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It's no secret that the world’s human population is growing at a dizzying speed. Seven billion people currently reside on the planet, with nine billion projected by 2050. How will we ensure that all of us receive proper sustenance—especially the protein our bodies and brains need so much?
At a session at last week’s AAAS meeting, scientists tried to answer that question by evoking Jacques Cousteau’s vision of “aqua-farming replacing the hunting of the sea.”
Fish farming has grown by 6% per year over the past 30 years, according to Jeffery Silverstein of the USDA's Agricultural Research Service. Sadly, practices have not improved at a pace in step with industry growth. But that’s finally shifting.
Fish farming’s well-publicized problems include the cost and carbon footprint of feedstock used to grow the fish, the spread of disease into wild populations, and the toxins produced as a byproduct of housing too many fish in too small of a space.
Because many of the fish most popular with consumers are carnivores themselves, aqua-farming often involves feeding the growing school with quality protein sources in the form of smaller fish—protein that could instead feed people. To tackle this apparent waste, two speakers, KeShun Liu, also of USDA’s Agricultural Research Service, and Margareth Overland from the Norwegian University of Life Sciences, are each looking into plant-based resources for fish feed that won’t double for human food. Overland is working with microbial ingredients that can be mass-produced: yeast and algae. Yeast can be grown on the organic matter of broken-down spruce trees, in a similar process to making ethanol, and algae flourishes in the presence of sunlight and CO2, both readily available at no cost.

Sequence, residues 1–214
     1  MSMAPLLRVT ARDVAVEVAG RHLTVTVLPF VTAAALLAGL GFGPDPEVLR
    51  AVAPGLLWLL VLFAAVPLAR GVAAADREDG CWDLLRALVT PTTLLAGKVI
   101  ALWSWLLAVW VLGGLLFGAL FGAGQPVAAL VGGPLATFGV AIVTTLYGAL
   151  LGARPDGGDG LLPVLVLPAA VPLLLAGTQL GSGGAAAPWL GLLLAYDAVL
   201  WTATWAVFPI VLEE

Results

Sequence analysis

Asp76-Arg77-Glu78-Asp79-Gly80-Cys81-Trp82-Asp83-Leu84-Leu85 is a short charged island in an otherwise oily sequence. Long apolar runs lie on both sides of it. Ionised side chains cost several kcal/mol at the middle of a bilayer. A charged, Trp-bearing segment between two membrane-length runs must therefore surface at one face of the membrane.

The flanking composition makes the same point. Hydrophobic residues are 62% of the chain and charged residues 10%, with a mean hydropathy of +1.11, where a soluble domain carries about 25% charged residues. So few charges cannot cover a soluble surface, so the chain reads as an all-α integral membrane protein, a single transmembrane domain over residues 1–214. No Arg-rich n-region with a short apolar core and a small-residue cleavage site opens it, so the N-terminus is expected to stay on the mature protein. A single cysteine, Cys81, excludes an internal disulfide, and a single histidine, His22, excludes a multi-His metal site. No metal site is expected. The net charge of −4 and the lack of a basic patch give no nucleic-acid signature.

She found that this microbial feed supports growth in salmon and benefits their digestive systems. “It’s not too different from our probiotic yogurt,” she says.
Silverstein and Steven Summerfelt discussed fish farms that have demonstrated best practices in isolating fish populations, leading to healthier harvests and healthier habitats. Some catfish farms are seeing positive results with a split-pond technology whereby only 20% of the tank capacity contains fish, with 80% devoted to treating, recirculating, and reusing water. At 15,000 fish per acre, harvest rates are impressive. A farm of yellow perch in Albany, Indiana, is finding success with land-based, closed containment systems instead. In a smart, sustainable move, this farm is employing fish waste as a form of fertilizer.
Summerfelt used examples such as these to inform the establishment of fish farms for popular Norwegian Atlantic salmon. His system is already in use by several companies around the world, and is looking to expand quickly.
These scientists argue that aquaculture will be sustainable as it scales up, as long as we continue to address the challenges and minimize the impacts on water, land, and wild populations. We’re on our way…